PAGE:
With the GDPR, companies will be subject to a new “accountability” regime. Accountability under the GDPR includes the implementation of new procedures such as the privacy-by-design principle which implies that data privacy must be included into the design stage of a new product or service; data privacy impact assessments when new data processing is likely to result in a high risk for the rights of the data subjects; the obligation to maintain a record of processing activities listing the processing and procedures implemented and the obligation to notify personal data breaches to the supervisory authority (following a security breach or a cyber attack for example).

The fines for breaching GDPR obligations will be much higher than before since depending on the nature of the breach, administrative fines may reach between 10 million euros or 2% of the worldwide revenue of the company and 20 million euros or 4% of the worldwide revenue of the company…

The data privacy agencies of the member-states, and the members of the Article 29 Working Party (representatives of the data privacy agencies of the member-states) are working actively to help companies get prepared for GDPR. For example, the French data privacy commission (CNIL) has published a plan to help companies get organised to prepare GDPR compliance. And the members of the Article 29 Working Party (WP29) have adopted guidelines providing more detailed information on the new principles of the GDPR.


1. The compliance plan recommended by the French data privacy commission


The French data privacy commission (CNIL) has published a plan to help companies work on GDPR compliance. (2) This plan is comprised of six steps, as follows:

    - Step 1: Appoint a “compliance pilot”
Given the complexity of implementing a GDPR compliance plan, an individual - or depending on the size of the organisation, a dedicated task force - should be specifically appointed to drive this phase. This individual, who may be an existing or future data privacy officer (DPO), or an external consultant, shall have several tasks, including informing, advising and consulting the internal teams. He/she should also perform internal audits and should be key in organising and coordinating the compliance tasks to be performed.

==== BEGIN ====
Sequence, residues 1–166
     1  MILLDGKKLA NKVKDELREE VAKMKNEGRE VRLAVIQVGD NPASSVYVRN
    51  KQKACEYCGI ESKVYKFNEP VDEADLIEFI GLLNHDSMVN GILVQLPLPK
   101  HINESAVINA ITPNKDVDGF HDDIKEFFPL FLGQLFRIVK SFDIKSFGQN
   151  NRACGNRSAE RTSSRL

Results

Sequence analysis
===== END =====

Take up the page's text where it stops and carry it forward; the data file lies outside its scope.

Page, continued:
- Step 2: Map out the processing activities
The compliance team should carry out an inventory of the data processing activities carried out by the company and record them. This will allow the compliance team to assess the practical impacts of the GDPR on the data processed by the company.

    - Step 3: Prioritise the tasks to be carried out
Based on the types of data processing activities, the team will then be able to identify the compliance tasks to be implemented. These tasks should be prioritised, taking into account the risks of the processing on the rights and freedoms of the data subjects.

    - Step 4: Manage risk
If the team has identified data processing activities that are likely to generate high risk on the rights and freedoms of the data subjects, a data privacy impact assessment (DPIA or PIA) must be carried out for each such processing. Companies can use the PIA guidelines to help them implement these new procedures (see below).

    - Step 5: Develop or update your internal procedures
The company’s internal procedures will have to be updated to be able to apply a high level of protection to personal data. These procedures must protect data at any time taking into account all the events which may happen during data processing (such as a data breach, managing  correction or access requests, modification of the data collected, etc.).

    - Step 6: Document compliance
To be able to prove that the company complies with the GDPR, the necessary documents must be drafted and regularly updated. These documents shall include the company’s internal procedures, data privacy impact assessment, internal audit reports, etc.


2. The Article 29 Working Party guidelines

The WP29 has published several support documents to help with GDPR compliance. The purpose of these documents is to clarify the new principles that must be implemented by the companies by May 2018. At the end of June 2017, the following guidelines were published:

    - Guidelines on Data Protection Impact Assessment (“DPIA” or “PIA”) and determining whether processing is “likely to result in a high risk” for the purposes of Regulation 2016/679